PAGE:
The temperature control alone makes the new greenhouse a modern marvel. A weather station on top of the structure analyzes the conditions and automatically makes any needed changes to the interior temperature.
If it gets too cold outside, a steam-heat system located along the top and sides of the greenhouse provides warmth. Then when the outside temperature starts to rise, a three-tier cooling technique keeps the plants comfortable. First, the side curtains roll up to allow for better air circulation. If that doesn’t provide enough ventilation, the roof opens. Finally, a retractable shade is brought out to shield the plants from the direct sunlight of an Alabama August.
“This way, you’re not just forcing in air to try to cool everything off,” Phelps says. “It keeps the temperature inside the greenhouse much more stable, so the plants aren’t under as much stress, which makes for a healthier plant.”
In addition, the weather station can detect whenever an approaching storm is within 15 minutes of the site. When that happens, the system automatically starts closing all the openings to the greenhouse. “And we can run all this from an iPhone,” Phelps says.
The greenhouse also is equipped with an automated irrigation system. And the overall space is better utilized, allowing for more than 7,000 hanging baskets to be positioned above the rows upon rows of flats arranged along the floor.
Next to the greenhouse is the new e-commerce fulfillment center, which handles packaging and shipment of all the orders from the Bonnie Plants website, as well as from the company’s retail partners. Only part of the 2.2-acre facility currently is being used, but the company is so confident its e-commerce program will continue to expand — it has grown 860% over the past three years — that there already is an additional 3-acre pad ready for future development.
“We also have smaller fulfillment sites in Ohio, New York, California and Utah. So we can touch 95% of the country within two days,” Phelps says. “We eventually want to be the Amazon fulfillment of live goods.”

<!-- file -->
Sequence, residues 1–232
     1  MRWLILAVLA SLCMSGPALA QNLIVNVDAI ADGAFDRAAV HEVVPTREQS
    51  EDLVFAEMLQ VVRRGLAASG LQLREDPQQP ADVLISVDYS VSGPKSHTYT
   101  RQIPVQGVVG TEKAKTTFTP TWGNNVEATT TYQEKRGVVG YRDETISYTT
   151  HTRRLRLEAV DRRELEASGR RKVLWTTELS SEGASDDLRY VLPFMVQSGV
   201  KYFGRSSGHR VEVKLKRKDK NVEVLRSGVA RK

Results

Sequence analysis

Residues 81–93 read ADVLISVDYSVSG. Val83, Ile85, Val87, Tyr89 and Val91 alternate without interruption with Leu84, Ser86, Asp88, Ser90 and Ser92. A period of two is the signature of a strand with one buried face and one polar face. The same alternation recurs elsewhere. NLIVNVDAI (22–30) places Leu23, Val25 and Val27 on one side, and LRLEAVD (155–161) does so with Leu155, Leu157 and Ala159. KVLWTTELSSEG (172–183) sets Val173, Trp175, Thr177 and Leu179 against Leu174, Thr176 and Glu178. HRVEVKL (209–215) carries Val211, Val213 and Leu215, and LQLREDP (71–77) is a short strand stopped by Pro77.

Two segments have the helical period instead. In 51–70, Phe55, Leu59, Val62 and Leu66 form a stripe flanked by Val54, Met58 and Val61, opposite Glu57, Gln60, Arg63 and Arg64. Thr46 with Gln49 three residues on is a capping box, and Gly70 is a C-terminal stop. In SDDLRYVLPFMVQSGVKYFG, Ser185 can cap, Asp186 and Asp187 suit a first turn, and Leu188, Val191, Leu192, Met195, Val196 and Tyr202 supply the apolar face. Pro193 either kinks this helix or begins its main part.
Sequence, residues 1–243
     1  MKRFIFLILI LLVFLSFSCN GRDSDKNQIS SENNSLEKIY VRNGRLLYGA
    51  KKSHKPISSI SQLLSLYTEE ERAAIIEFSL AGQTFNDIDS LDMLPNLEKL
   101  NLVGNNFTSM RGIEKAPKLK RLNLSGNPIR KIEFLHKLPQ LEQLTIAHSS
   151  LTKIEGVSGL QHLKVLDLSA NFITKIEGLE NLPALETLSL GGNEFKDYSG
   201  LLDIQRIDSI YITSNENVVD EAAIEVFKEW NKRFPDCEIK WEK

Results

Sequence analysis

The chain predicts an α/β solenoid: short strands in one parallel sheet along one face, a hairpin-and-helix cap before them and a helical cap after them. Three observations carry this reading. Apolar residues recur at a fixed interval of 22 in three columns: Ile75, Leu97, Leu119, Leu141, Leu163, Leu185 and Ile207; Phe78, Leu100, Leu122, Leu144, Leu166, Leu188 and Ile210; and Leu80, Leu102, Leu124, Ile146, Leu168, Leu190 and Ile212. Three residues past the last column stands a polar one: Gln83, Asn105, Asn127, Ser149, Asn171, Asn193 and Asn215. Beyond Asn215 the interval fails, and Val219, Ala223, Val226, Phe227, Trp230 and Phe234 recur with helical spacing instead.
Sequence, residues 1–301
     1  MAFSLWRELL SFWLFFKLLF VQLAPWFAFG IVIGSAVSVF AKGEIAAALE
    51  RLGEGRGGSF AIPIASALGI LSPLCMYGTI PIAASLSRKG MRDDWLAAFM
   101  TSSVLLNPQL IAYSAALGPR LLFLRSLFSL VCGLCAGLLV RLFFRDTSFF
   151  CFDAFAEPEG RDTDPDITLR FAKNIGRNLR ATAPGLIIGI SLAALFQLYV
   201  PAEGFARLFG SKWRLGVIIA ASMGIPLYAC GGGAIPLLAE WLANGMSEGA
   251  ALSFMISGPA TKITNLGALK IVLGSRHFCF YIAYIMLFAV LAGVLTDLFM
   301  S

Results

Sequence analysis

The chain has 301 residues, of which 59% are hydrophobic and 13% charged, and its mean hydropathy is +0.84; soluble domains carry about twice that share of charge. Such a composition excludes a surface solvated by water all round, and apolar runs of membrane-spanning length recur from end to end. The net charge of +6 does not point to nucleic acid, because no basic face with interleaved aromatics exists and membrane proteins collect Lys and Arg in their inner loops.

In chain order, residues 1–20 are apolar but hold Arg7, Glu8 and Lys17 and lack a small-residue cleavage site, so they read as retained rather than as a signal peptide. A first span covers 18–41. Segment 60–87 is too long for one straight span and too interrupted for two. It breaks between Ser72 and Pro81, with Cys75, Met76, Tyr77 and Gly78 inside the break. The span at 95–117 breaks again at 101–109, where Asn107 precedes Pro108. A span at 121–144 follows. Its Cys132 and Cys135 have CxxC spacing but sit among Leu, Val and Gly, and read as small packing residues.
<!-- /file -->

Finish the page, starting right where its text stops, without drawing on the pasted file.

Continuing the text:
While all this is taking place in Union Springs, the company’s executive leadership and other officials are settling into their new headquarters in Opelika. To evoke Bonnie’s agriculture nature, the headquarters building resembles a farmhouse and it is filled with sustainable features, including a 10-foot-high, indoor living-plant wall designed to purify air in the office.
Phelps says the move to Opelika allows Bonnie Plants to have a presence near Auburn University, which has teamed with the company on two endowed scholarships. “Considering the partnerships we have with Auburn, moving the corporate headquarters (to neighboring Opelika) is a great fit,” Phelps says.
One of the scholarships is with the College of Agriculture for a student majoring in horticulture, and the other is with the Harbert College of Business focusing on business analytics and supply chain. Bonnie also recently donated $1.2 million toward the development of a 2-acre Children’s Garden at Auburn, providing hands-on learning about how to grow and care for plants.
“Everything we have been doing lately is all part of our mission to create the best products we can to impact people’s lives daily,” Phelps says. “We’re not just putting a plant in a box. We’re actually having a positive effect on someone’s life every day.”
Cary Estes and Julie Bennett are freelance contributors to Business Alabama. He is based in Birmingham and she in Auburn.
This story originally appeared in the July 2022 issue of Business Alabama.